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Originally published Friday, June 7, 2013 at 9:53 AM

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Washington rejects restriction on garden pesticide

The state Department of Agriculture declined a request to restrict a class of backyard pesticides suspected of killing honey bees.

The Associated Press

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YAKIMA, Wash. —

The state Department of Agriculture declined a request to restrict a class of backyard pesticides suspected of killing honey bees.

There's no documented evidence the use of neonicotinoid pesticides is a significant contributor to the decline of bee colonies in Washington, department Director Bud Hover told Thurston County commissioners Thursday in a letter. The commission had requested restrictions on behalf of beekeepers.

"The proposed use restrictions are not appropriate at this time," Hover wrote.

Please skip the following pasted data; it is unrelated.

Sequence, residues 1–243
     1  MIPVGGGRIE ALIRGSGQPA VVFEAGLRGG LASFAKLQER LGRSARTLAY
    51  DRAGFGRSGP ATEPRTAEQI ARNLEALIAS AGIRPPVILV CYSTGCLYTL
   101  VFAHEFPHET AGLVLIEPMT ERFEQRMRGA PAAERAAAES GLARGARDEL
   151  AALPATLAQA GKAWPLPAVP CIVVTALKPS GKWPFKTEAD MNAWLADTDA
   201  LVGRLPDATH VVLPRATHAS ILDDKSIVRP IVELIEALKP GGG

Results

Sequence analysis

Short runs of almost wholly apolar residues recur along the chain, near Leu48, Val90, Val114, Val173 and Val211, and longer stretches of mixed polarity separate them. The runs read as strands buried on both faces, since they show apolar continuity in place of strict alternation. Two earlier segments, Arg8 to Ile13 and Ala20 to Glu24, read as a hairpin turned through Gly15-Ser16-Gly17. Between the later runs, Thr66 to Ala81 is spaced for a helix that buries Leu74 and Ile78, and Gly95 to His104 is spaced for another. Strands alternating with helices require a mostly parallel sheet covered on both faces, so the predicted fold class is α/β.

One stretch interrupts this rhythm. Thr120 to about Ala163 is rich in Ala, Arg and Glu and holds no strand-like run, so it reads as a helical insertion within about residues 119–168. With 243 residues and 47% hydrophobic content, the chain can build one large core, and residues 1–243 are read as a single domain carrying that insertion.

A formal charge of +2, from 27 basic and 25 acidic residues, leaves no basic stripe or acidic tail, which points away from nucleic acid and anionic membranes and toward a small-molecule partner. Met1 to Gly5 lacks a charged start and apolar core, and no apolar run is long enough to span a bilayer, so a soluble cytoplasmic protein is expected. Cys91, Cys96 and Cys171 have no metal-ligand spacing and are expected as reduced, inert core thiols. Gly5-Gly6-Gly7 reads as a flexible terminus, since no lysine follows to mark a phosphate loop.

The pesticides commonly called neonics are used to kill aphids and other insects on ornamental plants. They also are used on some crops, The Yakima Herald-Republic reported Friday ( http://bit.ly/16PKBIM).

The state agency said it would monitor studies and ask federal regulators whether additional restrictions are needed.

The U.S. Department of Agriculture and the Environmental Protection Agency have said bee losses are the result of a number of factors, including parasites, disease, genetics, poor nutrition, as well as pesticide exposure, the state Agriculture Department said.

The Thurston County request sought to bar most homeowners from purchasing neonicotinoid insecticides and require anyone using them to obtain an applicator license from the state.

The state Agriculture Department said it will remind pesticide applicators of their responsibility to protect pollinators and help retailers provide information to home and garden users.

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Information from: Yakima Herald-Republic, http://www.yakimaherald.com

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